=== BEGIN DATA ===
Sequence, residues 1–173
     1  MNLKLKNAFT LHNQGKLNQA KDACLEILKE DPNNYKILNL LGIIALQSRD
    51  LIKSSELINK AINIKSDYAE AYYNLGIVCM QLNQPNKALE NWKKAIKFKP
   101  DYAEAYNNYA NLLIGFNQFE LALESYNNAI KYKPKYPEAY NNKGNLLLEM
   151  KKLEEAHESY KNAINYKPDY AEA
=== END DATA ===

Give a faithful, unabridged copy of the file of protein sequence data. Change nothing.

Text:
Sequence, residues 1–173
     1  MNLKLKNAFT LHNQGKLNQA KDACLEILKE DPNNYKILNL LGIIALQSRD
    51  LIKSSELINK AINIKSDYAE AYYNLGIVCM QLNQPNKALE NWKKAIKFKP
   101  DYAEAYNNYA NLLIGFNQFE LALESYNNAI KYKPKYPEAY NNKGNLLLEM
   151  KKLEEAHESY KNAINYKPDY AEA